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    ABSTRACT: Defects in Membrane Frizzled-related Protein (MFRP) cause autosomal recessive retinitis pigmentosa (RP). MFRP codes for a retinal pigment epithelium (RPE)-specific membrane receptor of unknown function. In patient-specific induced pluripotent stem (iPS)-derived RPE cells, precise levels of MFRP, and its dicistronic partner CTRP5, are critical to the regulation of actin organization. Overexpression of CTRP5 in naïve human RPE cells phenocopied behavior of MFRP-deficient patient RPE (iPS-RPE) cells. AAV8 (Y733F) vector expressing human MFRP rescued the actin disorganization phenotype and restored apical microvilli in patient-specific iPS-RPE cell lines. As a result, AAV-treated MFRP mutant iPS-RPE recovered pigmentation and transepithelial resistance. The efficacy of AAV-mediated gene therapy was also evaluated in Mfrp(rd6)/Mfrp(rd6) mice-an established preclinical model of RP-and long-term improvement in visual function was observed in AAV-Mfrp treated mice. This report is the first to indicate the successful use of human iPS-RPE cells as a recipient for gene therapy. The observed favorable response to gene therapy in both patient-specific cell lines and the Mfrp(rd6)/Mfrp(rd6) preclinical model suggests that this form of degeneration caused by MFRP mutations is a potential target for interventional trials.Molecular Therapy (2014); doi:10.1038/mt.2014.100.
    Molecular Therapy 06/2014; 22(9). DOI:10.1038/mt.2014.100 · 6.43 Impact Factor
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    ABSTRACT: Common polymorphisms in the first intron of FTO are associated with increased body weight in adults. Previous studies have suggested that a CUX1-regulatory element within the implicated FTO region controls expression of FTO and the nearby ciliary gene, RPGRIP1L. Given the role of ciliary genes in energy homeostasis, we hypothesized that mice hypomorphic for Rpgrip1l would display increased adiposity. We find that Rpgrip1l(+/-) mice are hyperphagic and fatter, and display diminished suppression of food intake in response to leptin administration. In the hypothalamus of Rpgrip1l(+/-) mice, and in human fibroblasts with hypomorphic mutations in RPGRIP1L, the number of AcIII-positive cilia is diminished, accompanied by impaired convening of the leptin receptor to the vicinity of the cilium, and diminished pStat3 in response to leptin. These findings suggest that RPGRIP1L may be partly or exclusively responsible for the obesity susceptibility signal at the FTO locus.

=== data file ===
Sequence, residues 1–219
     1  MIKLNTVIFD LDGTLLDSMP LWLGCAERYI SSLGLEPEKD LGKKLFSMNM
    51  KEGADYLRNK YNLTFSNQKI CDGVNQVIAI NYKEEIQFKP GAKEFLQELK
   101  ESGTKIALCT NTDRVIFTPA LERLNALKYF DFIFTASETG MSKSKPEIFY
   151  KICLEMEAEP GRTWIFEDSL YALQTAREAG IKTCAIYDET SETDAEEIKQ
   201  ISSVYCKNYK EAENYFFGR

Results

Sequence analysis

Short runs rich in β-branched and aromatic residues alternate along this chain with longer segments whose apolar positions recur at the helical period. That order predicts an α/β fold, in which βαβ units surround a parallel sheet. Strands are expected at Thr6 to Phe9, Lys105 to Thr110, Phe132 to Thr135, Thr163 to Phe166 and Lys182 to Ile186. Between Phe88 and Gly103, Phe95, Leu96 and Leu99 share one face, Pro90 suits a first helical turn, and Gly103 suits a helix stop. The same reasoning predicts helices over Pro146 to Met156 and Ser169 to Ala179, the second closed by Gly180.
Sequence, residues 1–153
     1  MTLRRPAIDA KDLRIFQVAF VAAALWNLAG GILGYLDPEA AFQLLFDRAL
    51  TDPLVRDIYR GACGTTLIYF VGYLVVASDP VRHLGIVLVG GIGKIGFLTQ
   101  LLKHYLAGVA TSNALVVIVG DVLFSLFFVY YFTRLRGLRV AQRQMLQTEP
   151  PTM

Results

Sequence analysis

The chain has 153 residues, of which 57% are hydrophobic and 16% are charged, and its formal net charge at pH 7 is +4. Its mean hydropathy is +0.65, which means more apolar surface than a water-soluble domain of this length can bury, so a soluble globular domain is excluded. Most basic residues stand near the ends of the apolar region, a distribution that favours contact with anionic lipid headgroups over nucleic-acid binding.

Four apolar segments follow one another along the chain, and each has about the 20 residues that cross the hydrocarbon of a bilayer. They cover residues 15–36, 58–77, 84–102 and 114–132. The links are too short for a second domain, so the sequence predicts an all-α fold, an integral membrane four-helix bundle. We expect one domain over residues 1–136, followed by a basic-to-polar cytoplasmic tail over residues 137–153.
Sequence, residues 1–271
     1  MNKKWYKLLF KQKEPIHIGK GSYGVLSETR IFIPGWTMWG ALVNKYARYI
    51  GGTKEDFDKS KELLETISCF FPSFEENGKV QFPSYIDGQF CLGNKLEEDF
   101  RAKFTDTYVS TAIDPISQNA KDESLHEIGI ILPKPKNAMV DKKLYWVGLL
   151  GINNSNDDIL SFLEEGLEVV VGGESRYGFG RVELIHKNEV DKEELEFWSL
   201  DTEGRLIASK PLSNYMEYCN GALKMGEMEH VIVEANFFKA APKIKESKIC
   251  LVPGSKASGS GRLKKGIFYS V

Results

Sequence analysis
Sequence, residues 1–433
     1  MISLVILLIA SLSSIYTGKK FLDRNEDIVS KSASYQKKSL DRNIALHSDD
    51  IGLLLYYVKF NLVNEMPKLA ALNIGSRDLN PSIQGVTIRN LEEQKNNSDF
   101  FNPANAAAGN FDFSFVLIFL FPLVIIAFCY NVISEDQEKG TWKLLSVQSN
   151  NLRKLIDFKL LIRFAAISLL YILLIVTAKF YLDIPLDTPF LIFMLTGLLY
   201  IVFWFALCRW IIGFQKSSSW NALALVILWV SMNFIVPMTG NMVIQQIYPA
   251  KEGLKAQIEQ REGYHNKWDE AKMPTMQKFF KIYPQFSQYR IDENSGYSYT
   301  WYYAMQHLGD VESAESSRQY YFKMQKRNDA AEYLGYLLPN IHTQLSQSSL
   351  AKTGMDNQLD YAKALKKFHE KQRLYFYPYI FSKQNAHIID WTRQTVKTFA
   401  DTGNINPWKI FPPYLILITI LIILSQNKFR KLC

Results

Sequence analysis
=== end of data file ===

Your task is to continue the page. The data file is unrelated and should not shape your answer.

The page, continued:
Cell metabolism 05/2014; 19(5):767-79. DOI:10.1016/j.cmet.2014.04.009 · 16.75 Impact Factor
  • Dieter Egli · Gloryn Chia
    04/2014; DOI:10.1038/protex.2014.013
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    ABSTRACT: The transfer of somatic cell nuclei into oocytes can give rise to pluripotent stem cells that are consistently equivalent to embryonic stem cells, holding promise for autologous cell replacement therapy. Although methods to induce pluripotent stem cells from somatic cells by transcription factors are widely used in basic research, numerous differences between induced pluripotent stem cells and embryonic stem cells have been reported, potentially affecting their clinical use. Because of the therapeutic potential of diploid embryonic stem-cell lines derived from adult cells of diseased human subjects, we have systematically investigated the parameters affecting efficiency of blastocyst development and stem-cell derivation. Here we show that improvements to the oocyte activation protocol, including the use of both kinase and translation inhibitors, and cell culture in the presence of histone deacetylase inhibitors, promote development to the blastocyst stage. Developmental efficiency varied between oocyte donors, and was inversely related to the number of days of hormonal stimulation required for oocyte maturation, whereas the daily dose of gonadotropin or the total number of metaphase II oocytes retrieved did not affect developmental outcome. Because the use of concentrated Sendai virus for cell fusion induced an increase in intracellular calcium concentration, causing premature oocyte activation, we used diluted Sendai virus in calcium-free medium. Using this modified nuclear transfer protocol, we derived diploid pluripotent stem-cell lines from somatic cells of a newborn and, for the first time, an adult, a female with type 1 diabetes.
    Nature 04/2014; 510(7506). DOI:10.1038/nature13287 · 42.35 Impact Factor